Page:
On September 3, 2013, the Creditor filed this complaint seeking the removal of Executrix.[13] The Creditor alleged on information and belief that, following the death of Frank, Sr., the remaining members of the LLC did not consent in writing to the continuance of the LLC within the 90-day period required under the LLC Agreement; accordingly, the LLC was dissolved, but no distributions had been made to the Creditor. After unsuccessfully trying to dismiss the complaint, [14] Defendants Estate of Frank Metzner, Sr. and Executrix filed their answer on April 21, 2014.[15] Defendants denied that the remaining members had not consented in writing to the continuance of the LLC prior to January 25, 2013, and attached as an exhibit a one-page typewritten document entitled "Metzner Family LLC" "Election of Remaining to Continue LLC" (hereinafter "the Election").[16] As typed, the Election states:

         The undersigned acknowledge the death of Frank C. Metzner on October 26, 2012.

Pursuant to Article I, Section 1.5(b) of the Operating Agreement the undersigned constituting all of the remaining Members of the Metzner Family LLC hereby elect to continue the LLC.
In Witness Whereof the surviving Members have executed this election this ___ day of ___, 20___.[17]

         Underneath the body of this document were parallel sets of signatures lines, one set for "Lona C. Metzner Member" and "Frank C. Metzner, Jr. Member" and the other set for "Witness, " i.e., whoever was to witness Lona's and Frank, Jr.'s signatures. The only signatures on the executed Election were those of Lona and Frank, Jr. According to her trial testimony, Executrix handwrote the date, i.e., the "30th", the month, i.e., "November", and the year, i.e., "12" in the blank spaces provided on this typewritten document.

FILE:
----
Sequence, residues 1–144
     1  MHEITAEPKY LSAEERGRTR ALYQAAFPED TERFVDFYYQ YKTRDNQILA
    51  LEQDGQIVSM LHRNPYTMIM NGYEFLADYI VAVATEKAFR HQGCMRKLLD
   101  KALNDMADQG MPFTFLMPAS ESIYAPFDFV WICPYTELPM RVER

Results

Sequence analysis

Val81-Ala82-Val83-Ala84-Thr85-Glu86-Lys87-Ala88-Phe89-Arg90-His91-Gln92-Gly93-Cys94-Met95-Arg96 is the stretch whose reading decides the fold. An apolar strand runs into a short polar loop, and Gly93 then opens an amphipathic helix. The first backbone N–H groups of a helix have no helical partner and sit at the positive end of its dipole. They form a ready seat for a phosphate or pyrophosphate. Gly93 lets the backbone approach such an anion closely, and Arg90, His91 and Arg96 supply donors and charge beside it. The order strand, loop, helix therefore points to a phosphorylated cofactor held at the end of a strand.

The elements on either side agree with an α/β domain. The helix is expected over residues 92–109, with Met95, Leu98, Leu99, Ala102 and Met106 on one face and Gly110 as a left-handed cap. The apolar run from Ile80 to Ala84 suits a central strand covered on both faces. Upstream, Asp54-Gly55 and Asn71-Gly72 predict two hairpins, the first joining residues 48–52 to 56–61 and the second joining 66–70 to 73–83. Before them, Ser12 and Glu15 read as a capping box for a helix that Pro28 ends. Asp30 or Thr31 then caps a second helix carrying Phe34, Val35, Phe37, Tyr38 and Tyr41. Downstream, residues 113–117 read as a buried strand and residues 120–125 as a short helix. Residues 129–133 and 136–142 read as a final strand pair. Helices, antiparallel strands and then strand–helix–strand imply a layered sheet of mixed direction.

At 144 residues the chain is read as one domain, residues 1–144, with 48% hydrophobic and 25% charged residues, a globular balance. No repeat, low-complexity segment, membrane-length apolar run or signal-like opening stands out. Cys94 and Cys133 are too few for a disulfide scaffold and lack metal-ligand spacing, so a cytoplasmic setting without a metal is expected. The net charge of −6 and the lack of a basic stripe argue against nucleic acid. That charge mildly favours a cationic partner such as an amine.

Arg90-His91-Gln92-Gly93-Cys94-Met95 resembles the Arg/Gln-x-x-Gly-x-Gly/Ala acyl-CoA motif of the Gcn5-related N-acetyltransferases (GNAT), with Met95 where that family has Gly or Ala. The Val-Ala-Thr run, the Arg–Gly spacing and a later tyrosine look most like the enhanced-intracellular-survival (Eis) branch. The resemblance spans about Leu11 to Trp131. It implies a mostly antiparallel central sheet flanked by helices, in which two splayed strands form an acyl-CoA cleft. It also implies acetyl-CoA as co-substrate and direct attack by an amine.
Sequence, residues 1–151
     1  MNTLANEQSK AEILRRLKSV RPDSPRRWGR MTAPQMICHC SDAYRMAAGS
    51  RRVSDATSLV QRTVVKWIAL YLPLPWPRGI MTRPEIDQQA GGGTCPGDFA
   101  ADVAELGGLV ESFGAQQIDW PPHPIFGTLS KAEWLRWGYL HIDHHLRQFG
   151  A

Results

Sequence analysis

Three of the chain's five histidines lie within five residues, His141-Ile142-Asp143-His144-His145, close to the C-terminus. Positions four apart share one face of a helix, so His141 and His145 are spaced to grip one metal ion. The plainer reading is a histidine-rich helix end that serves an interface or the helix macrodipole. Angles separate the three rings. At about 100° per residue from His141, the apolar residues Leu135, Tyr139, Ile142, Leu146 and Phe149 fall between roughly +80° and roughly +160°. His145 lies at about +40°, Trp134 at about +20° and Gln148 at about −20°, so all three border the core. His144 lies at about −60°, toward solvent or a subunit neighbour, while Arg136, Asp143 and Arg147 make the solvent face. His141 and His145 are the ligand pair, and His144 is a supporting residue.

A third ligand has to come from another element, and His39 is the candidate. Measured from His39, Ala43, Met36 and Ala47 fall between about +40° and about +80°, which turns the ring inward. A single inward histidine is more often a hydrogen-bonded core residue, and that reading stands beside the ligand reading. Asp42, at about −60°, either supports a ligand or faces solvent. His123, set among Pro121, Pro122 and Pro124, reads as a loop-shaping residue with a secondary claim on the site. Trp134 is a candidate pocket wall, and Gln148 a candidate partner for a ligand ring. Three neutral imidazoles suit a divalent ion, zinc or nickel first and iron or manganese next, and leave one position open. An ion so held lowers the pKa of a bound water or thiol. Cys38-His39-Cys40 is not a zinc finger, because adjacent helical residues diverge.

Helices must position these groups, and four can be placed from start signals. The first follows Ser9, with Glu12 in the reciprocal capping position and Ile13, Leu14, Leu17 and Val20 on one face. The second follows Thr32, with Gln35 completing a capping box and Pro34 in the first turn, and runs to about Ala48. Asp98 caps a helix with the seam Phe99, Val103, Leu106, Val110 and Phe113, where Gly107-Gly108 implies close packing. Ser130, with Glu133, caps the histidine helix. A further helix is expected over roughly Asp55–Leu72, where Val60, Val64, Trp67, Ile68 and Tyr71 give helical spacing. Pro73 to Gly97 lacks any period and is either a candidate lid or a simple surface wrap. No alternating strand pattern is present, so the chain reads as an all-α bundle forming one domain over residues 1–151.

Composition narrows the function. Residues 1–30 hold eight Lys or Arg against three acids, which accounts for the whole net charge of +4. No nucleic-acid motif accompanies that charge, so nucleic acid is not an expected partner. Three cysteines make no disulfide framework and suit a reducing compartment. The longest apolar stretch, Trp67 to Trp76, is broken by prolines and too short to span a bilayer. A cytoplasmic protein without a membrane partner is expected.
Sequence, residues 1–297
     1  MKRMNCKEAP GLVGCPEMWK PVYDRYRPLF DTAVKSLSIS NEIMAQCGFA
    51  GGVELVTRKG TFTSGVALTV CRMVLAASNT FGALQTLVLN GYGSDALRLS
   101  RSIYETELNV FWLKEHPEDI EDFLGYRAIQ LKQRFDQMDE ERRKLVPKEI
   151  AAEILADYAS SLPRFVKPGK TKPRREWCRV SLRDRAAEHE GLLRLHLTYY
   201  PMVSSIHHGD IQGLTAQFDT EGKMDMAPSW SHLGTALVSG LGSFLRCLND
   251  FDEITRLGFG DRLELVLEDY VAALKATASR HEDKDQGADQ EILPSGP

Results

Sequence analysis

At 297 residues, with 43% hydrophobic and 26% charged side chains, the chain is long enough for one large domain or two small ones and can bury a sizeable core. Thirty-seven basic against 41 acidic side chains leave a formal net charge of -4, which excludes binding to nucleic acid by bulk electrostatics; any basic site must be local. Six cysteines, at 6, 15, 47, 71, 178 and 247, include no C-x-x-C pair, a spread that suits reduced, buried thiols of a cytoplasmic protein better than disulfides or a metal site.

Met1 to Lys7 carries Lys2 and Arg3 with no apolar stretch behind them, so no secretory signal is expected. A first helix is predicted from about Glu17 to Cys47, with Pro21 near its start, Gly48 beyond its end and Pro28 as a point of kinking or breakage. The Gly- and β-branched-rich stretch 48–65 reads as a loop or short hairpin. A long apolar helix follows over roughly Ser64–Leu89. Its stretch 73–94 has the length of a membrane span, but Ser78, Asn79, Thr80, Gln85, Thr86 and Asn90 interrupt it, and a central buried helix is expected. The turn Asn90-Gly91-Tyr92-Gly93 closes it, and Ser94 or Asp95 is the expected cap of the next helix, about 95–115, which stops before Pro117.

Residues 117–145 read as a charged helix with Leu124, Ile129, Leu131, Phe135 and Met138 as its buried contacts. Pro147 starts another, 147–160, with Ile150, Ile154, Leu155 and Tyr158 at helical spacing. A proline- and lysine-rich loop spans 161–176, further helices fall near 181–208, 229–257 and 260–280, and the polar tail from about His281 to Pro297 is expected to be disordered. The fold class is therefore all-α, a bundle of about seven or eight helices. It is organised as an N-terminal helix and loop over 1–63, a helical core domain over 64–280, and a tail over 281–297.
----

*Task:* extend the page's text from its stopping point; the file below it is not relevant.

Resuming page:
During this litigation, the parties have contested numerous issues, including the validity of the Charging Order and the scope of electronic discovery. Most recently, the Creditor filed a motion to produce directed to a third-party, i.e., the Estate's attorney, seeking a Court order directing the attorney to make available the computers in his office and his laptop computer for examination by the Creditor's expert.[18] The motion was opposed by Defendants who argued that confidential communications might be disclosed and there was no plan to compensate the attorney or his staff for their lost work time.[19] I issued a draft report on December 15, 2016, [20] directing Defendants to request the metadata relevant to the Election from the attorney's computers and/or from his former law firm's network server, and to produce the metadata to the Creditor within 60 days. If Defendants failed to produce the metadata within 60 days, I indicated that I would draw the adverse inference that the Election had been created after the 90-day period following Frank, Sr.'s death and had been backdated to appear as if it was timely. I also stayed the period for taking exception to my draft report until completion of the trial proceedings mandated by Vice Chancellor Montgomery-Reeves' September 12, 2016 Order denying Defendants' motion for summary judgment.[21]

         No metadata was ever delivered to the Creditor by the Defendants. On May 8, 2017, I presided over a one-day trial.[22] During the trial, Defendants introduced into evidence another document, one that previously had not been produced during this litigation. According to Lona's testimony, she had written this letter to Purnell on her desktop computer on November 10, 2012 ("the November 10th letter"). The letter states:

I have the very sad task of writing to you today because my husband passed aware on October, 26, 2012, and I need you to handle his Estate.
My son and I need to continue the Metzner Family LLC. The Metzner Family LLC Agreement requires us to submit in writing within 90 days of his death, our intention to continue the Estate Planning LLC. What is involved with that?
I will get my son to sign this letter also - so you can have it for the file.
Please let me know if more is needed. Before my husband's death there were three members; - can it go forward ...